A New Kayak Team.
The Boof Storks had just come into existence. The kayaking team, whose creation was merely an esoteric reference moments before, quickly blossomed into a team that had a manager, a marketer, recruiter, and four loyal members. We consisted of a 31 year old PhD Student, Helen, a self-proclaimed libertarian tech wizard from the bay, Lauren, and a 15 year old boy whose dry top consisted of no more than one fully functioning gasket, Louis. As Lauren adjusted the velcro visor she had attached to her WRSI helmet, Louis, the 15 year old practiced throwing his paddle and tucking, in preparation for the 50+ foot waterfalls he would be running in 3-5 years. We were about to run the South Fork of the American, Chili Bar section. “Hand of god me please?” I was asked as someone prepared to practice their roll.
Louis paddled hard over a current between two eddies while one of the girls waited for her turn. Back and forth they went, occasionally having to paddle hard to catch the eddy and climb back in. “Kayaking is the only sport that truly allows you to go to new places as you get better” Helen mused as we floated down. Helen wanted to see rivers, see canyons that you can’t explore except through kayaking. Though a smiled also graced her face as she slid across a wave to make it from eddy to eddy.
“What a sick boof!” Louis turned his boat downstream and charged over a rock about 3 inches out of the water. He took a stroke and then quickly pulled both of his arms up to about head level with his wrists cocked down, as if waiting for the impact of a perfect boof off a 20 footer.
We pull over to surf an eddy made by an underwater rock, the front edge of which you can practice surfing. Lauren pulls onto it and practices drawing herself across, turning down stream. She flips and her hands pop out of the water. Her blades both are out of the water, she has a false start, then tries again. The paddle jerks across the water but her hips roll the boat over and she is up! “Whooot Whoot!” The boof storks cheer as Lauren has just combat rolled for the first time. This is her 4th time down chili bar.
Louis pulls up to me “What is the biggest drop you have ever run?”. I think back to the years of kayaking, of chasing rain, or snow, reading trip reports, and meeting people at put-ins I had never met, of being in different countries and cold hands, hands that could barely put on a skirt. “Don’t know, sometimes things go easy and I guess it doesn’t seem that big anymore, and sometimes things go wrong and it seems harder than it looks” I say. “I have been injured on class II and on the shore more times than on class V” I pull my knees out of my thigh braces wishing the next rapid was closer.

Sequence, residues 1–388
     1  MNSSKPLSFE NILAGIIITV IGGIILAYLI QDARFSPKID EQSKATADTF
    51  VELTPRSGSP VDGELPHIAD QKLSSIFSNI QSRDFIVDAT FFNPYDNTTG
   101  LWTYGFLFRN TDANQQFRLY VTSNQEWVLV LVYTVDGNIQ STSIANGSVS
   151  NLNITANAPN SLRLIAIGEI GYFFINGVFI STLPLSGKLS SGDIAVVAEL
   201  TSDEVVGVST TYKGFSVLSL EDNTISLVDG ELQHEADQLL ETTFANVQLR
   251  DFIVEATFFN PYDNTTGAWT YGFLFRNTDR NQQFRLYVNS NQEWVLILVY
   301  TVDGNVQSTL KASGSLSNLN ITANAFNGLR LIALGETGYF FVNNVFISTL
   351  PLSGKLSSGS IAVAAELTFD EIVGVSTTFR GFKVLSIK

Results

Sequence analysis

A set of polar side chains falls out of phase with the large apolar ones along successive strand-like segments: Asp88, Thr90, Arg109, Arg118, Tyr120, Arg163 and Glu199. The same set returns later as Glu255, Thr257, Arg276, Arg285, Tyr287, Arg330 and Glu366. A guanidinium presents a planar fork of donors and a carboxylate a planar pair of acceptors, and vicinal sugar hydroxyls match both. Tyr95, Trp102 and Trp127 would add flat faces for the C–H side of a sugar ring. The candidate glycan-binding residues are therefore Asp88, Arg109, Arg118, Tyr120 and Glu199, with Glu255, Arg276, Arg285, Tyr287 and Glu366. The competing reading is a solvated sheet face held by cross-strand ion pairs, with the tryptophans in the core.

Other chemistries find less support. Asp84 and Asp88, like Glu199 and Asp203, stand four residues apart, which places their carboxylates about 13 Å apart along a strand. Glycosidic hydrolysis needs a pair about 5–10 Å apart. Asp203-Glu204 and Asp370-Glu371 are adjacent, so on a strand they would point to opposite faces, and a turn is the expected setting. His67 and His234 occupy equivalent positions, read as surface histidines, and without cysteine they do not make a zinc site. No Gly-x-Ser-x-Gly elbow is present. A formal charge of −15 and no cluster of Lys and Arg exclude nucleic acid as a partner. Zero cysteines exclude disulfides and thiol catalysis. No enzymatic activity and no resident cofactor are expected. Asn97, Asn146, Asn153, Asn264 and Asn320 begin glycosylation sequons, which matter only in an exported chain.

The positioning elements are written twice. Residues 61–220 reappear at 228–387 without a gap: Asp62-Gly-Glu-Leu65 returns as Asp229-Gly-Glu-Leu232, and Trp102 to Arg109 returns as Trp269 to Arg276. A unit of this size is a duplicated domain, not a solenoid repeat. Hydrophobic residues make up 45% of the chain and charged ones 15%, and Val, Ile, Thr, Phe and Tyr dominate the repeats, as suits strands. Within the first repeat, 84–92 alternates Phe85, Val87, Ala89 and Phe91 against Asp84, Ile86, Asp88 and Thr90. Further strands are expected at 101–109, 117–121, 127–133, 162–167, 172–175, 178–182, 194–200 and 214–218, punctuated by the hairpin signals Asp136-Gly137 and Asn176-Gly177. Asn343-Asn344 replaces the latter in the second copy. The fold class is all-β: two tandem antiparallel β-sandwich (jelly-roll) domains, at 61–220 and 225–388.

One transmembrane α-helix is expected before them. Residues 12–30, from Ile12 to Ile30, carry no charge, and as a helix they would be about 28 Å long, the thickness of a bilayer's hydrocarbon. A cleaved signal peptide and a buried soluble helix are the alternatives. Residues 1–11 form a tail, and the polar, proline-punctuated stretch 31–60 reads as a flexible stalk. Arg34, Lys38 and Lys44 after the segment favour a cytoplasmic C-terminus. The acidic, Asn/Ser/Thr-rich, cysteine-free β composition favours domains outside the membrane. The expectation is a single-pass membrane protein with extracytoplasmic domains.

“What is the biggest drop you have ever run?” I ask, referring to his skiing. He says something but it is a name of some move I have never heard of. “Funny thing is that some of the hardest things I have done is when it is just me, Paul, and Hallie”. Funny thing, you would think you would do the toughest stuff when it mattered most, on the biggest trips, in other countries, when people are filming or something is on the line. II thought back and all I could remember is when it was me and two friends just looking at a drop, a lot of trust in them, and a rare opportunity. “I quit my job to kayak more” he says. I smile a little and lower my eyebrows, and let out a little laugh “Oh, yeah, is that what you told your boss?” he isn’t paying attention anymore, paddling away to catch an eddy.
“We are at trouble maker” Helen says nervously. She sees an umbrella, which is normally the signal we are at something important, because there are photographers. It turns out it is just a person sitting on a beach, we still have a few more bends. I can sympathize with the nervous itch, the waiting for it to be over, to have the success, and yet we live for that opportunity, the one we simultaneously don’t want to do.
“Should I go direct?” She asks. “I think so, kayaking is a fine line between fun and progress, and sometimes you have to learn where your skills end to know what to work on”. She peers around the corner and I peel out to catch the eddy. She peels out once I am in the eddy. We always talk about failure, about letting people fail in order to grow. Put it into practice and you get judged, you look like you are making poor decisions. It is the aftermath of those choices that leads to the real gold of failure. It is the recommitment to the weaknesses that were exposed.
She flips as she rounds the corner, bashes her shoulder and swims. She pops and looks at me. “Can I run it again” She says. “I think I know what to do now”. Every kayaker has a list of failures, of swims and flips, and bumps and bruises, but what do we get out of those things? Are we more wise? What do you get out of failure?
Maybe more than you think...